Steep-angled 100mm-travel full-suspension bikes are normally great for tearing up between the tapes, but Giant’s Anthem X continues to tear up the rule book. Tweaks to the frame for 2011 make it feel like it spent the whole winter down the gym building muscle exactly where it makes the most difference.
The result is a totally ripped all-terrain athlete that’s equally inspirational in terms of ego boosting efﬁciency and scorching speed on startline or singletrack alike. Add benchmark trail kit and you’ve got an extremely versatile, extreme velocity machine whatever you aim it at. If you're more about GPS and maps than jumping gaps, and more likely to stick a race number on than shin pads, this bike is the outstanding option.
Ride & handling: Delivers an intense and inspirational ride whatever the terrain
It’s not the solidly sorted spec that continues to make the Anthem such a fast favourite; it’s the insatiably rapid and involving ride attitude. Looking at the super-steep head angle and relatively long stem you’d think this bike is something of a dinosaur, but its default setting of devastating speed makes this an alligator of a bike that’s still got no natural predators.
The snap-reaction steering takes some getting used to, with a tendency to twist the front tyre underneath you if you’re pulling too much front brake at low speeds. The longer stem is needed to keep it manageable as you get into a big ring spin and the trail edges start to blur.
The 25lb all-up weight makes acceleration and altitude gain addictively easy too. Even if a recovery pootle rather than predatory pursuit was on the agenda at the start of your ride it won’t last long. You’ll soon ﬁnd yourself snicking up through the gears, building speed in each one, then the next until you’re skimming down the singletrack and sprinting up climbs rather than dropping gears and dawdling.
Decent side knobs and that planted cornering precision of the longer stem means there’s no question of backing off in corners either. The new bike adds very noticeable extra fork and frame stiffness for even more accurate feedback and G force ﬁghting tenacity. We’ve lost count of the number of riders who’ve raved about how hard you can push an Anthem through turns or how many riders they’ve scalped by diving underneath them as they’ve slid out of a greasy corner.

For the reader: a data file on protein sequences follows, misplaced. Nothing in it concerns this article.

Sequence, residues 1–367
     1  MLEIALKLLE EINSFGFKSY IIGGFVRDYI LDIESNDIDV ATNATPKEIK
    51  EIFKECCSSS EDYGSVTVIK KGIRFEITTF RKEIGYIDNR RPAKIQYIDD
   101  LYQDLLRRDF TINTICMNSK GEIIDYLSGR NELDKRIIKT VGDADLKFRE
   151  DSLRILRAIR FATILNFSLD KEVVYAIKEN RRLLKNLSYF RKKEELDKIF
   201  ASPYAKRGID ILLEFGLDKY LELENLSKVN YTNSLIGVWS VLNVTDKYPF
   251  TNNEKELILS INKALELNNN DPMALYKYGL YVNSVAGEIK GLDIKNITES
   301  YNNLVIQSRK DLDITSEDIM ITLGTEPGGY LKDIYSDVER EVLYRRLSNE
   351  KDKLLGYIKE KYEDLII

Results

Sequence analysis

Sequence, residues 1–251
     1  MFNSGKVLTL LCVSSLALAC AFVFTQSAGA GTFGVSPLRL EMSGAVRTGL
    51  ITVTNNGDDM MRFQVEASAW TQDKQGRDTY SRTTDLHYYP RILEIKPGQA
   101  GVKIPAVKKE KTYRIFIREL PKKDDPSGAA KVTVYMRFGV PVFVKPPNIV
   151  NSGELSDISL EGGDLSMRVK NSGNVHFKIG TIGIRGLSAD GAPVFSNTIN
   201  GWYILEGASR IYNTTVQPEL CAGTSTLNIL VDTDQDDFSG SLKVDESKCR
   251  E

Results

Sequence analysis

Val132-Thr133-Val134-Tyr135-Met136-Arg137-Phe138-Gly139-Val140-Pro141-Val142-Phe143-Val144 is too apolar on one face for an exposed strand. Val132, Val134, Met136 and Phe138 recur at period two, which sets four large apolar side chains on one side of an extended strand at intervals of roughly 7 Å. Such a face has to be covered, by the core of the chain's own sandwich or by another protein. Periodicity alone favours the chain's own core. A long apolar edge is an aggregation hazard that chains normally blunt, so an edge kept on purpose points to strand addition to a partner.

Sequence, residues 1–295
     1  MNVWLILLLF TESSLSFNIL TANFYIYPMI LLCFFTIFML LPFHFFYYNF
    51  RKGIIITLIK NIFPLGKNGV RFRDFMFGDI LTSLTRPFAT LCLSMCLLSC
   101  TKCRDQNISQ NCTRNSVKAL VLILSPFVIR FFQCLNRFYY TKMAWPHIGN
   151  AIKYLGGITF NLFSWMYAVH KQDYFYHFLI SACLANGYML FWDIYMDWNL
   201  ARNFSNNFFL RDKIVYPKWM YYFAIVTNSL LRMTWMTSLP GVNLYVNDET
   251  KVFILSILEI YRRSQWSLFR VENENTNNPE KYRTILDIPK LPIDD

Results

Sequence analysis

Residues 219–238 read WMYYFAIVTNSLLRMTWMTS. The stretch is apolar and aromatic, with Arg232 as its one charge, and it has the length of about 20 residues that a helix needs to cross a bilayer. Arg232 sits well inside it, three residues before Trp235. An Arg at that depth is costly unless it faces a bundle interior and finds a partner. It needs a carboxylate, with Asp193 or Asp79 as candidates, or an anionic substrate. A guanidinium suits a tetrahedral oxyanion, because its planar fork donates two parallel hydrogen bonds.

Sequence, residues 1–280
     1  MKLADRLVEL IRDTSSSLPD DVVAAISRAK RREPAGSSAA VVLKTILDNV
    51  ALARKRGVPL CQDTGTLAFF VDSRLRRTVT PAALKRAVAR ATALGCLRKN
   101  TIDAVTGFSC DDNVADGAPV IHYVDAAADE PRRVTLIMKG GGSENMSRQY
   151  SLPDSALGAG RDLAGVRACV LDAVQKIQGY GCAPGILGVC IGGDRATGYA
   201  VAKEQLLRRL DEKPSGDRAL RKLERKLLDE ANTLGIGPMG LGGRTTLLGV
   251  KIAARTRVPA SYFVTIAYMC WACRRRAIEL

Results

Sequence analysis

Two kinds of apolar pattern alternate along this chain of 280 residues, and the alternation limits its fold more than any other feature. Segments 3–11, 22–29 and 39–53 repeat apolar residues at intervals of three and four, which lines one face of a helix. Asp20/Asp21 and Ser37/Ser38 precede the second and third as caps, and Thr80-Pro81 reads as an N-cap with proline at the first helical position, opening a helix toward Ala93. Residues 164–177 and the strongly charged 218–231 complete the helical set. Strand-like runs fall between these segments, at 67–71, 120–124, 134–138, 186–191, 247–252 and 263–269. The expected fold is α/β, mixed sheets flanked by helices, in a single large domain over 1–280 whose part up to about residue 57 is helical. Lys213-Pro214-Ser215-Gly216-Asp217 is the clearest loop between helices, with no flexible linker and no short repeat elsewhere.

Don’t underestimate the amount of control the Anthem wrings out of 4in of suspension movement either. While the colour-coded blue ﬁnish was the source of some love/hate debate, nobody complained about the performance of the Fox F11 fork. Up the climbs the next-to-grip lockout lever means you can stomp the pedals round as hard as you can without worrying about bounce and then open the fork for rougher stuff without even taking a thumb off the bars.
While the FIT cartridge makes it ﬁrm over small stuff (run the tyres tubeless if you want ultimate smoothness) its ability to swallow serious hits without coughing up control is outstanding for a race fork. A through-axle and tapered steerer means there’s no slur or deviation in the steering either opening up more cornering, off camber and overtaking opportunities than most forks.
The back end is similarly sorted, with the option to run a buoyant open setting of three different levels of ProPedal low-speed compression damping giving as ﬁrm or as ﬂuid a ride as you want. Ground clearance is an occasional issue but the Maestro suspension lets you keep the power on whatever is happening under your wheels, and traction is wonderfully consistent.
Rear end stiffness and damping composure mean no ricochet or need to ‘collect’ control even after substantial drops or sequential hits. The Maxxis CrossMark tyres are a lot tougher than most race rubber too, making rock rips less of a worry when you’re going off piste. While it’s no all-mountain cockpit setup, the little bit of lift and extra leverage from the mid-width riser compared to the traditional racer ﬂat bar makes getting the front wheel off the ground or correcting a slide a lot easier than normal.
Frame & equipment: Newly pumped-up chassis plus sorted parts spec
The big changes for 2011 are an ‘Over Drive’ tapered head tube, ‘Mega Drive’ oversized down tube and press-ﬁt ‘Power Drive’ bottom bracket. These mean signiﬁcant steering and pedalling stiffness gains up front. A two-piece linkage replaces the previous bolted linkage while a post-style rear brake mount saves bracket weight at the far end of the swingarm. So while the actual frame is no lighter it’s a signiﬁcantly stiffer proposition that builds a lighter overall bike.
In terms of kit, Giant have kept it simple. Shimano’s triple-ring XT might not be the lightest groupset – particularly compared to SRAM’s 2x10 setups – but it’s reliable and much longer lasting. The longevity theme continues with the tough XT wheels, which also add tubeless tyre running capability. Maxxis CrossMark tyres still surprise us with their combination of rolling speed and grip in all but the sloppiest conditions.
The Fox fork and shock combo is another control enhancing benchmark and Giant’s own-brand low-riser bar is a decent width for adding steering authority. The Giant stem and seatpost are good too, while Fizik’s long, ﬁrm second generation Tundra 2 is a great saddle for mileage-hardened hindquarters.